Some teachers sub after they retire. Not me. I’ve never had the nerve. And this after teaching at a middle school and in a state penitentiary, with even a seminar on death row. For one thing, I remember how we treated substitute teachers when I was a kid. We chatted, chomped on gum, threw paper wads, switched names and seats, refused to work, and pushed each other around.
My last year of teaching, I saw a substitute teacher hiding in the hall. He sagged against the closed classroom door, his head hanging down. And from the gap under the door, I heard yelling and slamming around and raucous laughter.
“I can’t go back in there,” he said to me.
I opened the door and stepped inside. Silence fell.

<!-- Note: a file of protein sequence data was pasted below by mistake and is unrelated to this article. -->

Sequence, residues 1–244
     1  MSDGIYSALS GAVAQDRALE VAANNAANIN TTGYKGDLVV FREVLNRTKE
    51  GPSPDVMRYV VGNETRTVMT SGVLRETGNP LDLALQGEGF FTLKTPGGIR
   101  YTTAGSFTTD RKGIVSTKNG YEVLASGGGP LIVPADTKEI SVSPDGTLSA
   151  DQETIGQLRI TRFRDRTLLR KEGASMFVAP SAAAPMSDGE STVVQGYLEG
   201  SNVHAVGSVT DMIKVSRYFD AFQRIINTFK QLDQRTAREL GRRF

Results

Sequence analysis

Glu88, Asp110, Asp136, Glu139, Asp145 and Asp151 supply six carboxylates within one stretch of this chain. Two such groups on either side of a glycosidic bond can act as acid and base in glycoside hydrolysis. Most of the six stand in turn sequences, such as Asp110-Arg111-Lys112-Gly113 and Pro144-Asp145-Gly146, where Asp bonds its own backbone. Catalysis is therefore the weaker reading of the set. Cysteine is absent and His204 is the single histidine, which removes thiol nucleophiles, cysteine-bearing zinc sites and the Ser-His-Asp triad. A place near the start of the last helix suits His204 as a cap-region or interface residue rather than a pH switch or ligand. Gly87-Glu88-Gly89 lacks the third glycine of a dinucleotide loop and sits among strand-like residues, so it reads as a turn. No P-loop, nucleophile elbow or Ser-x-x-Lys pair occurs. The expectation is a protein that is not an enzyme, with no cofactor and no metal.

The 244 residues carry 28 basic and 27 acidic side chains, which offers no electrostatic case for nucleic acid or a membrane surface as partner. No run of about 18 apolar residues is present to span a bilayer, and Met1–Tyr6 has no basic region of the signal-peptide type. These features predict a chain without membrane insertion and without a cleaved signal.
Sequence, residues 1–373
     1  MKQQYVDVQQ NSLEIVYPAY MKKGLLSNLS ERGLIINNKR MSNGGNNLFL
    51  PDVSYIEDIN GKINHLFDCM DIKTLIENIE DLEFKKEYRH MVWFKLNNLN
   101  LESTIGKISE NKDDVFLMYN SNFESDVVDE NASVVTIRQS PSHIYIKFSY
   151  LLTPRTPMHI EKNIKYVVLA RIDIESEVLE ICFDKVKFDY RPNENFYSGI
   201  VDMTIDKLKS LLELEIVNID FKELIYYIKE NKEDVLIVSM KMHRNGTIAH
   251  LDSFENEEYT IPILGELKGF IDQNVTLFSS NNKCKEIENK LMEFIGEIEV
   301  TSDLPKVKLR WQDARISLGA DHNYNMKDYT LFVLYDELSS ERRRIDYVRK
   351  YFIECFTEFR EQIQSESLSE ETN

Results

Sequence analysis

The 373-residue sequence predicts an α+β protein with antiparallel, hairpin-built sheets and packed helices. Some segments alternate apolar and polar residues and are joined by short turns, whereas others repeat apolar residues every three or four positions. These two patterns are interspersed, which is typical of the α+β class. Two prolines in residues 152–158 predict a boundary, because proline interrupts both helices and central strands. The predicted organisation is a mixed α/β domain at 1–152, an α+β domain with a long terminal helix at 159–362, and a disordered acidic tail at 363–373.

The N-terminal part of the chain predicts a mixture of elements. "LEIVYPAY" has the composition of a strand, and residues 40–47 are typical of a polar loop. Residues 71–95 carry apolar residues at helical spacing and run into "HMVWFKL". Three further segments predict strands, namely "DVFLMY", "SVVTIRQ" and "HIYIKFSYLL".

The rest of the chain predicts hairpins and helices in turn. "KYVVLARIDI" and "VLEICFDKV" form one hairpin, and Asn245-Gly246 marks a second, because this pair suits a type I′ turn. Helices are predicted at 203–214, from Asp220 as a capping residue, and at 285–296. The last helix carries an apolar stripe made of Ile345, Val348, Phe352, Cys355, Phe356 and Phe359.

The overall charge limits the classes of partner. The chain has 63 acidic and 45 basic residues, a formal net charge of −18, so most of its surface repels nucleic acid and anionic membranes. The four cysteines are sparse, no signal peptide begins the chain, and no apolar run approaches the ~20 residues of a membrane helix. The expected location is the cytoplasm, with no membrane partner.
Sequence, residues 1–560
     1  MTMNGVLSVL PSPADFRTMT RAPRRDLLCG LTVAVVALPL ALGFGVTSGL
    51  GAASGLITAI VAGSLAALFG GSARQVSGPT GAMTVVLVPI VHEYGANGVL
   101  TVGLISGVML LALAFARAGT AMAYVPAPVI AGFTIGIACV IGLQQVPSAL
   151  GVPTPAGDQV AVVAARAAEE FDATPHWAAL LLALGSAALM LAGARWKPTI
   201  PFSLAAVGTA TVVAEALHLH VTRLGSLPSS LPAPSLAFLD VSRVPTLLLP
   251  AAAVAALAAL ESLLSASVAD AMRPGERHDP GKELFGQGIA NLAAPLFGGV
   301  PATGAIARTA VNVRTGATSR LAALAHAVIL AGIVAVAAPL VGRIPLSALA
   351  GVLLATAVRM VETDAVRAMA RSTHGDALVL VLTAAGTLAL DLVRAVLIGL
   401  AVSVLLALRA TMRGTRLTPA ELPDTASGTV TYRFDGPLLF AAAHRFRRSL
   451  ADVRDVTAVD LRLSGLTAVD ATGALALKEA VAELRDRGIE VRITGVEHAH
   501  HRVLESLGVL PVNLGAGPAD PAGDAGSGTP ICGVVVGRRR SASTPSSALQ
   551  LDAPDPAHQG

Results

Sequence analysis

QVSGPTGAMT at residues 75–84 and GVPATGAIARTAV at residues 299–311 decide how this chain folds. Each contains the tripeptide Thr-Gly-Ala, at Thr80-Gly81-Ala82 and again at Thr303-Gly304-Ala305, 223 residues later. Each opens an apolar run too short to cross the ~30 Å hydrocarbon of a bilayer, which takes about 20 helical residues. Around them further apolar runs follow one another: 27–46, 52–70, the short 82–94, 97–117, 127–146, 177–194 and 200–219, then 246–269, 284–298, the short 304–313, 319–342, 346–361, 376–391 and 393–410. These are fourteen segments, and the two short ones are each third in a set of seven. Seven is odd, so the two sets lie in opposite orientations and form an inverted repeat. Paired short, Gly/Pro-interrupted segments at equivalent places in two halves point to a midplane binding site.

The difference? I had a relationship with those students, and he didn’t.
Which is why I’m too scared—I wouldn’t know the students.
What’s amazing to me is that some people have the courage to sub anyway. . . and do it well.
These superstars come through the classroom door knowing they’ll get what they want, and, sure enough, they do. They say it like they mean it, walk around like they own the room, and don’t mind making some noise—slamming shut a door, banging down a book, or whistling to call for attention.
They don’t care if students like them, or so it seems. But strangely, students take to them and settle in to do their lessons.
Filling in isn’t easy. But subbing matters—for teachers who need to see doctors and care for sick children and especially for students who need to keep momentum in learning.
Just this morning, I saw the end-of-summer advertisement for substitute teachers in my school district. I hope some fast-thinking, thrill-seeking, kid-loving people answer the call.